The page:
Slowing Down in a Digital/Analog World
There's a romanticism around old things. Film cameras. Record players. Mid-century modern furniture. Things our grandparents owned. Some of the nostalgia comes from a burgeoning digital world built on smart devices, notifications, instant gratification and whatever I want on demand. It's almost too easy.
With the advent of Apple's new Screen Time feature and even a way to track your Instagram habit, in-app of course, there's a growing feeling that maybe all the screen time we currently enjoy isn't good for us. The question is, haven't we been here before?
In his short film "Peripheral," cinematographer Casey Cavanaugh tells a story entirely through the viewfinder of a Hasselblad 500C/M camera. It touches on themes of being present in your life and the time-tested mantra of "pic, or it didn't happen."
I struggle with taking too many photos of big events, especially while traveling. There's a fine line between documenting your life and living it that is hard to straddle most days. Smartphones haven't helped the matter, but they are just another piece in a long line of addictive tech and behavior that can take us out of the world around us.
One of the reasons I like film photography is for its ability to slow down the process and make me think about what is going on around me. With only 36 exposures and the rising price of film and development, each shot seems more precious, thought out. I tend to talk more about what I'm shooting with the people around me since I can't just show them on the screen after the fact.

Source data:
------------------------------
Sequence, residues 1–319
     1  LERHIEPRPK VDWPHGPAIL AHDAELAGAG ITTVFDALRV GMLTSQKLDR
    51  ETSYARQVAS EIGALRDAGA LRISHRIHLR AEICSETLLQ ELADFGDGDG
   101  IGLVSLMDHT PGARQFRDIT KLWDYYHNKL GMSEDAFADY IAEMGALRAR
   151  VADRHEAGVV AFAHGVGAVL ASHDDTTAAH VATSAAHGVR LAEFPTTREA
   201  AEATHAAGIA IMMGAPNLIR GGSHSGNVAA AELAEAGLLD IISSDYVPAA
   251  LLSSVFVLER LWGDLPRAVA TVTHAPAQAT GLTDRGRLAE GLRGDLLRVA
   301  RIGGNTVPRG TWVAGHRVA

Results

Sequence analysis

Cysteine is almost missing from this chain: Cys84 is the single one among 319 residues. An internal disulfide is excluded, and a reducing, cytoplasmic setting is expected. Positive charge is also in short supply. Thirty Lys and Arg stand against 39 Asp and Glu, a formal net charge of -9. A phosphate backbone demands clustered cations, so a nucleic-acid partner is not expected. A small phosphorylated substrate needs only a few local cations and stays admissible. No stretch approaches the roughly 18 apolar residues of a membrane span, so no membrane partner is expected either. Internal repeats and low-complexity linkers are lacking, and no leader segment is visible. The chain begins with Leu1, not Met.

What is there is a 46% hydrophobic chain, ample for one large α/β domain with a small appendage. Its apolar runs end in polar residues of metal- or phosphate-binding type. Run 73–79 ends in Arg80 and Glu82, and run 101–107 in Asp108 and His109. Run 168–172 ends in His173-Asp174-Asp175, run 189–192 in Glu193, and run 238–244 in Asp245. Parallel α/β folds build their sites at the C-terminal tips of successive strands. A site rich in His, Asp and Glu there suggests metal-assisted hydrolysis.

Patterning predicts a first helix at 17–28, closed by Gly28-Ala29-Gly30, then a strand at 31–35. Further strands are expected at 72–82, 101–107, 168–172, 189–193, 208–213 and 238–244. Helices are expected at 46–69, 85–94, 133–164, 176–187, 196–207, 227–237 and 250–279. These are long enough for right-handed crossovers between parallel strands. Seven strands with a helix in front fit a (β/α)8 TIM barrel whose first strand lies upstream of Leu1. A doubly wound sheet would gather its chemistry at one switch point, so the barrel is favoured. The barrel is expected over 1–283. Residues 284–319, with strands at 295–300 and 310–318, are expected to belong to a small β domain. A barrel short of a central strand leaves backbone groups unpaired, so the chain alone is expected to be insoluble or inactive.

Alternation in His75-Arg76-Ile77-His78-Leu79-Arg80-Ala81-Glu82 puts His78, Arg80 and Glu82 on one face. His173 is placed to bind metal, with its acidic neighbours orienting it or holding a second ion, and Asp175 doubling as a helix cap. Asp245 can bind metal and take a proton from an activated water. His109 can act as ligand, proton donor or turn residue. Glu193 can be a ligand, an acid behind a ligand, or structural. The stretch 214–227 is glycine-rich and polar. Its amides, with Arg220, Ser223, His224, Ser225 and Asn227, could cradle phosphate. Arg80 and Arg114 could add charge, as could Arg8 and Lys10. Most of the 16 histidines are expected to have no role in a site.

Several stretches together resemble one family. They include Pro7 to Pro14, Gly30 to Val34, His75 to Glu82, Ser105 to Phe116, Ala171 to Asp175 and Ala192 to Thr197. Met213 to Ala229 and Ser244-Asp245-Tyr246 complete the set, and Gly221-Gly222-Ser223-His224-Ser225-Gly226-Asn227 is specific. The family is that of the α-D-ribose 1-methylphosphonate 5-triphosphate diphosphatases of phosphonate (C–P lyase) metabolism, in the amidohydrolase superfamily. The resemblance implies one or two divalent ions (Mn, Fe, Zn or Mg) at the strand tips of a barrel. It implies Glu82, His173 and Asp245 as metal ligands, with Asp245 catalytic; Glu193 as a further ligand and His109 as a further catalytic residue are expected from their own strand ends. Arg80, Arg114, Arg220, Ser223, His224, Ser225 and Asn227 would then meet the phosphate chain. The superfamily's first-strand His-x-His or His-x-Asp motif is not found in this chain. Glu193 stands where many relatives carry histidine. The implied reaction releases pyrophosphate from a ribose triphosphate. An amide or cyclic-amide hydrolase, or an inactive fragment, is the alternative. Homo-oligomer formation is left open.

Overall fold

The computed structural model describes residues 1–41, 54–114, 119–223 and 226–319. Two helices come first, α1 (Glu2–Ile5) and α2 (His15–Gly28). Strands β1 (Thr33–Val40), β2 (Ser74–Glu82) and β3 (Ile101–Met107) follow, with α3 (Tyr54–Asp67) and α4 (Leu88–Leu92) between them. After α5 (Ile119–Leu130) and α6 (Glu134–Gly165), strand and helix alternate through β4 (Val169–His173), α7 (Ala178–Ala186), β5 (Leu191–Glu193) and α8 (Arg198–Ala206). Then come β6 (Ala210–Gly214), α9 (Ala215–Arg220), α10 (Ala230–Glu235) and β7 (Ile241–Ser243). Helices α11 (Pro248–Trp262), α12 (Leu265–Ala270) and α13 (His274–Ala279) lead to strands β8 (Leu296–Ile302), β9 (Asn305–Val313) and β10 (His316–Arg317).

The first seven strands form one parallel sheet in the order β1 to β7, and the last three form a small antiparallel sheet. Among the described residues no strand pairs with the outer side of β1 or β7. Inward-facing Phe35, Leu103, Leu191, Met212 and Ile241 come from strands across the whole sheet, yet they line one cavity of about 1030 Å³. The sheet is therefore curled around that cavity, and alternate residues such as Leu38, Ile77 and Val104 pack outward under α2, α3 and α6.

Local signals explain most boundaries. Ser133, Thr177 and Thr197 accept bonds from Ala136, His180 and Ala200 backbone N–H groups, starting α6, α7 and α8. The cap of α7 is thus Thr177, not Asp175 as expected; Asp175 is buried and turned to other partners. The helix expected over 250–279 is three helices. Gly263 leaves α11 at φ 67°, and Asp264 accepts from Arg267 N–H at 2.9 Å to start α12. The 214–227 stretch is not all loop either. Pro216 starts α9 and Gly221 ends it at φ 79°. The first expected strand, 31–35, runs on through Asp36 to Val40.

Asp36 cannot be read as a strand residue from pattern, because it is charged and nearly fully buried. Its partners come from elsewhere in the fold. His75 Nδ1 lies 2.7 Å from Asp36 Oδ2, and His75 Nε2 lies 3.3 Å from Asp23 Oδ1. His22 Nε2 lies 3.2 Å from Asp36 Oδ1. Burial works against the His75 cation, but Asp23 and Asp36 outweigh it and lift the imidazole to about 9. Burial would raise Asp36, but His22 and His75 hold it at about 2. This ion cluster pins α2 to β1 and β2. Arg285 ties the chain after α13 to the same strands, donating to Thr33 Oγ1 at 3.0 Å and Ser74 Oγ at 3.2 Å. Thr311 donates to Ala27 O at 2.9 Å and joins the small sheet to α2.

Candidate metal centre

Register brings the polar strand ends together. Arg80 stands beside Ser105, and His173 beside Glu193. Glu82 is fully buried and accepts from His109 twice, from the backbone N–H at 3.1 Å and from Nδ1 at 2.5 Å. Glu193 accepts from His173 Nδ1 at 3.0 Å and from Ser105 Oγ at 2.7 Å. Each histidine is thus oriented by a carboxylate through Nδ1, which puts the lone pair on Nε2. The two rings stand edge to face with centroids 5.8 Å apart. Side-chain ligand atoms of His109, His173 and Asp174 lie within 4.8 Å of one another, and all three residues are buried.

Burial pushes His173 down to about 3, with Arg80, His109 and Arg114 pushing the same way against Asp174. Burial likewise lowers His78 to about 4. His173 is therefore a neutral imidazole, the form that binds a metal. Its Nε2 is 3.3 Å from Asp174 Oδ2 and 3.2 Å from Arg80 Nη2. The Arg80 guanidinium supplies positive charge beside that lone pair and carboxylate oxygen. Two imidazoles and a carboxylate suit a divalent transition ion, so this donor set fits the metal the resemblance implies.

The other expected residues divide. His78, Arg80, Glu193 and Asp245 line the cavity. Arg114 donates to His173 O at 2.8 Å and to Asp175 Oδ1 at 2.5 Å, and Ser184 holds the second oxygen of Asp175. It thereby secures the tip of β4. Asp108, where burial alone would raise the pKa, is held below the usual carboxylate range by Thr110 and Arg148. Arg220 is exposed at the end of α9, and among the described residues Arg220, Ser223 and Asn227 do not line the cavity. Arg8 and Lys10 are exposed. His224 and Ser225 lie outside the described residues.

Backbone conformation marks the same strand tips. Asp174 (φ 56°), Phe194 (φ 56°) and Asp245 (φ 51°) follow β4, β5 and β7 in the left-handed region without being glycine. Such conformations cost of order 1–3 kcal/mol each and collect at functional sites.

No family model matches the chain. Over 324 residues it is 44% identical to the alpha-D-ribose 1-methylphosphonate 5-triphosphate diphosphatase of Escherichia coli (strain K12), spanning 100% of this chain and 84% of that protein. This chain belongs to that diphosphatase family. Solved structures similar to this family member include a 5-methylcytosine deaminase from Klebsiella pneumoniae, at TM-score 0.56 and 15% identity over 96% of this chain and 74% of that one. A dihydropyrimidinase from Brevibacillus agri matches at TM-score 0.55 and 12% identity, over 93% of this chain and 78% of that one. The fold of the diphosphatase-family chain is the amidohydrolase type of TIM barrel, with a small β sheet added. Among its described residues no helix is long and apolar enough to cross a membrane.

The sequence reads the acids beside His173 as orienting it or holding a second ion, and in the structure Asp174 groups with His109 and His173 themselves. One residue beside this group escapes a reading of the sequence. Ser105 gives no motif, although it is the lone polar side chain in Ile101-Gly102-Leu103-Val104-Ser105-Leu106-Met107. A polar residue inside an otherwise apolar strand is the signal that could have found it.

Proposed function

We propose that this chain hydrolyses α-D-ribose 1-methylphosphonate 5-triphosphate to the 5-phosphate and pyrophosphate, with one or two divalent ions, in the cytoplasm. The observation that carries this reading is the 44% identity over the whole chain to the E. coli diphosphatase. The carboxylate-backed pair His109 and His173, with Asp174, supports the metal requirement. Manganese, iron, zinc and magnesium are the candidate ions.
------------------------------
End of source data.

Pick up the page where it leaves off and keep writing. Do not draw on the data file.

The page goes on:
I’m currently reading Henry David Thoreau’s “Where I Lived, and What I Lived For” (which is an excerpt from his book ‘Walden’ published in the Penguin Great Ideas series) and I’m struck by his tone of indifference to the world around him. In the chapter on the economy, Thoreau lays out his reasons for choosing Walden as his site of retreat from the world and of his mistrust of people and common life. I’ve always wanted to live a simple lifestyle but not at the cost of abandoning those around me.
I believe that the people around us shape who we are and how we live our life. Sure we may have to course correct every once in a while, but I’d rather live with people at the moment.
So whether it's an old hobby or a new-tech experience, remember that we live life with the people around us and that all the other things are meant to enhance that, not take away. When you're traveling or just out to dinner with friends, put that smartphone, old camera or whatever it is, away for a second. Live deeply. That should give you plenty to take photos of later.